General Illness Information
Common Name: Cold Sores, Fever Blister
Description: A common, contagious virus (herpes simplex or HSV-1) infection. Usually involves the lips; gums and mouth area; cornea (rare); occasionally genitals.
Primary oral herpes infection (primary herpes gingivostomatitis) is an initial infection by the herpes simplex virus which causes very painful sores on the gums and in the other parts of the mouth. Secondary herpes (recurrent herpes labialis) is a local reactivation of the virus that produces a cold sore. Typically primary herpes is seen in an infant who got the virus from an adult with a cold sore.
First infection with HSV1 usually occurs in early childhood; incubation from 2-12 days, then fever, sore throat, small vesicles develop on pharyngeal and oral mucosa, rapidly ulcerate and increase in number to involve soft palate, buccal mucosa, tongue, floor of mouth, and often lips and cheeks; tender gums may bleed; fetid breath, swollen lymph nodes in the neck; fever, general toxicity, poor oral intake, and drooling contribute to dehydration; spread to other sites may occur; resolves in 10-14 days with slower resolution ofÂ the swollen lymph glands.
- It is a herpes virus , a DNA virus of two major types: HSV1 and HSV2; most often HSV1 is associated with oral lesions and HSV2 with genital lesions but reverse occurs also , often remaining dormant for months or years before causing active inflammation. Most persons develop antibodies that control the virus unless risk factors (below) develop;
- The virus is transmitted by person-to-person contact or by contact with saliva, stools, urine or discharge from an infected eye. The blisters and ulcers of herpes simplex are contagious until they heal, both in the first and in succeeding flare-ups;
- Usual course of primary disease is 2 weeks; duration of recurrences varies; viral shedding in recurrence is briefer than with primary disease. Newborns or individuals with immune compromise are at risk for complications such as encephalitis, pneumonia, or disseminated infection.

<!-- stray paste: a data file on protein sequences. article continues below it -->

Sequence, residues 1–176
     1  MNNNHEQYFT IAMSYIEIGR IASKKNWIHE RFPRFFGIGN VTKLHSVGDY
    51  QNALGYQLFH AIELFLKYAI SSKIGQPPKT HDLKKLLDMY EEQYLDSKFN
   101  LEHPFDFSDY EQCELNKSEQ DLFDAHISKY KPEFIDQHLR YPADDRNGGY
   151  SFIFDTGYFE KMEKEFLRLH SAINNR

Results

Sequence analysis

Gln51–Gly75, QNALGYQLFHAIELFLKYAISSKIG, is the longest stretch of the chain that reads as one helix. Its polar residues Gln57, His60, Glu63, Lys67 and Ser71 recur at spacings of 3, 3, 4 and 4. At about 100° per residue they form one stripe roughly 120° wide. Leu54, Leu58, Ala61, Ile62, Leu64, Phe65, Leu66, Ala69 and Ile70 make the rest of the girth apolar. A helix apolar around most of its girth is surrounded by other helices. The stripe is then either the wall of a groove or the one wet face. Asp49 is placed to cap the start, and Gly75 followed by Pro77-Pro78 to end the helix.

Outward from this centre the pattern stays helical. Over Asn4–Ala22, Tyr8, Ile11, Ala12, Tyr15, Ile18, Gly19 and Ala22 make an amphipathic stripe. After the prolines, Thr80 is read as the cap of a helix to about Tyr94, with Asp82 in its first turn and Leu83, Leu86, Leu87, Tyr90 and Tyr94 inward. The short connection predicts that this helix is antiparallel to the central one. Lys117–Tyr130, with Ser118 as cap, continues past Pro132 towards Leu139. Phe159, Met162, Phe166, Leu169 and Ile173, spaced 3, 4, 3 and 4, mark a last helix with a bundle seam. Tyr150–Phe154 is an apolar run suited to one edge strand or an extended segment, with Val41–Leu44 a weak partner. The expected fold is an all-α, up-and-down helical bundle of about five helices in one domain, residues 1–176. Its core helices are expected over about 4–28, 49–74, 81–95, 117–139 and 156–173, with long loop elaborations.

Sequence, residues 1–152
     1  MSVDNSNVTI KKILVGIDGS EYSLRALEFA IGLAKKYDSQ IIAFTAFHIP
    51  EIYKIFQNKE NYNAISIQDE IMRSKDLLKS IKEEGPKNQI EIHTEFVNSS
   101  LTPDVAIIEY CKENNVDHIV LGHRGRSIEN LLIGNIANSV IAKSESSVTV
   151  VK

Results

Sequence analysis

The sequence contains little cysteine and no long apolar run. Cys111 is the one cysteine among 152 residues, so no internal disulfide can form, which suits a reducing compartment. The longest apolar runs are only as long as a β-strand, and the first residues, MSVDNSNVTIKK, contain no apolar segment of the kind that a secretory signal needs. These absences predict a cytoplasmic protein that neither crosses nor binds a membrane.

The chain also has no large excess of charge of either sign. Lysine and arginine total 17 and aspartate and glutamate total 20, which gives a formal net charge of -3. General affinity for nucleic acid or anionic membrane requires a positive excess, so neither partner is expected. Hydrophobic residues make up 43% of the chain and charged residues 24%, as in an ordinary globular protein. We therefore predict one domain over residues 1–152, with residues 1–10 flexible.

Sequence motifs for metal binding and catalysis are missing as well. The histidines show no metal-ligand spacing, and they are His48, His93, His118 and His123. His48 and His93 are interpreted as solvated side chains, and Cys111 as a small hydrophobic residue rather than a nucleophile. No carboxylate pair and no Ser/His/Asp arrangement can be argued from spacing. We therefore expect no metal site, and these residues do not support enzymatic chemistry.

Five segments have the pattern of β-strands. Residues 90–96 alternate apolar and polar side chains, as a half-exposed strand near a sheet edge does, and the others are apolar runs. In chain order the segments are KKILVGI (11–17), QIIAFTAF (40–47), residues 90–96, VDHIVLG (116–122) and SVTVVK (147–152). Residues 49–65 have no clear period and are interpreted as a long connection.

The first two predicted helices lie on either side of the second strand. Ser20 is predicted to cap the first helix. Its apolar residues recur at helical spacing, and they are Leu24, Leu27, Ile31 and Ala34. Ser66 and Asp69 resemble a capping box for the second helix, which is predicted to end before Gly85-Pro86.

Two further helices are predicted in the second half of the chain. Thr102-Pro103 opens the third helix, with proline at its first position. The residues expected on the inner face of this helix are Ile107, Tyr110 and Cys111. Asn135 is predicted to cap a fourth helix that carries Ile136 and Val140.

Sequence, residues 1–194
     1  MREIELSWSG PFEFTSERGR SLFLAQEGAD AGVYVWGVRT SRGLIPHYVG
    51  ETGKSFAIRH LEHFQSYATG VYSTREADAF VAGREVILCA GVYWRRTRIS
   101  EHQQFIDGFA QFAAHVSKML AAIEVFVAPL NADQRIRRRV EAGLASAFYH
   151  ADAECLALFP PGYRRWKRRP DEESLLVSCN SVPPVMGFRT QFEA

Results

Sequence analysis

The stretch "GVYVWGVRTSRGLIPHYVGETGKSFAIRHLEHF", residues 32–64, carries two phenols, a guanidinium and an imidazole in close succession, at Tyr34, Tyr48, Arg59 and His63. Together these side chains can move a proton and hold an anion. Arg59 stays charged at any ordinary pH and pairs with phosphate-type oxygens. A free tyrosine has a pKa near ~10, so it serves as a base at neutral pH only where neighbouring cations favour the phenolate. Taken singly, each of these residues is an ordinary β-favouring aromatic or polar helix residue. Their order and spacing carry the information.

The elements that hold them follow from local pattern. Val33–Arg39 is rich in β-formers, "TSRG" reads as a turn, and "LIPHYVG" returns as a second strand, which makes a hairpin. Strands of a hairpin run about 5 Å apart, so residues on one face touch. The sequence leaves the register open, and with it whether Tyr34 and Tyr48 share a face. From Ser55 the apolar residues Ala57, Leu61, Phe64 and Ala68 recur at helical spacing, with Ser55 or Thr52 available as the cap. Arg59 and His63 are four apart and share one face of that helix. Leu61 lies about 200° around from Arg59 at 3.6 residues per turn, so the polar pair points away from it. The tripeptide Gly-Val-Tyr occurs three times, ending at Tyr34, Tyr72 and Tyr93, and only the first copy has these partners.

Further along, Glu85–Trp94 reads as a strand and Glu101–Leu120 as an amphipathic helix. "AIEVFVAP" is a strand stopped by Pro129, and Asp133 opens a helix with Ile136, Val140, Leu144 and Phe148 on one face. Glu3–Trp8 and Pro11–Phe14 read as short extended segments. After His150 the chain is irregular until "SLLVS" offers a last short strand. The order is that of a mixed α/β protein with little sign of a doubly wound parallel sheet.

- Avoid physical contact with others who have active lesions;
- Wash your hands often during flare-ups to avoid spreading the virus.
Signs & Symptoms
- Small, painful blisters usually around the mouth, but sometimes on the genitals. Blisters are grouped together and each surrounded by a big red ring. They fill with fluid, then dry up and disappear;
- If the eye is infected: Eye pain and redness; feeling that something is in the eye; sensitivity to light; and tearing.
- Physical or emotional stress;
- Illness that has lowered resistance, including a cold, minor gastrointestinal upset or fever from any cause;
- Excess sun exposure;
- Dental treatment that stretches the mouth;
- Use of immunosuppressive drugs;
- Newborns; children who have eczema.
Diagnosis & Treatment
The appearance of the typical lesion is usually diagnostic, however, a laboratory study may be done of fluid from the sore for confirmation.
- Drink cool liquids or suck frozen juice bars to reduce discomfort;
- Apply an ice cube for 1 hour during the first 24 hours after lesion appears. This may make it heal more quickly;
- Intermittent cool moist dressings with Domeboro or Burrow’s solution;
- Don’t rub or scratch an infected eye;
- To prevent flare-ups, use zinc oxide or sun-screen preparations on your lips when you spend much time outdoors;
- Children with gingivostomatitis may require IV hydration;
- Extensive skin disease (as with neonates or with eczema herpeticum) may require vigorous volume replacement.
- Use acetaminophen to relieve minor pain. Don’t use aspirin. The use of aspirin during some viral illnesses may lead to Reye’s syndrome, a form of encephalitis;
- Don’t try to treat an infected eye especially with cortisone ointments or drops. Cortisone preparations promote growth of the herpes virus in the cornea;
- Antiviral topical (Zovirax) or oral medication (Acyclovir) may be prescribed. Antibiotic ointment if lesions become infected with bacteria may be prescribed;
- Oral medication may occasionally be recommended continuously to prevent frequent episodes. For chronic suppression in persons with frequent recurrences – 400 mg of acyclovir given twice daily.
No restrictions, except to avoid close contact especially kissing or oral sex until lesions heal. Avoid contact with newborns or patient who are taking immunosuppresant drugs (they are more susceptible to infection).
Avoid acidic foods if lesions in the mouth.
- Permanent vision impairment, if herpes eye infections are untreated;
- Severe, widespread infection in patient with eczema;
- Meningitis or encephalitis (rare).
Spontaneous recovery in a few days to a week, occasionally longer. Recurrence is common. The virus remains in the body for life, but it is usually dormant. Research continues in developing a vaccine.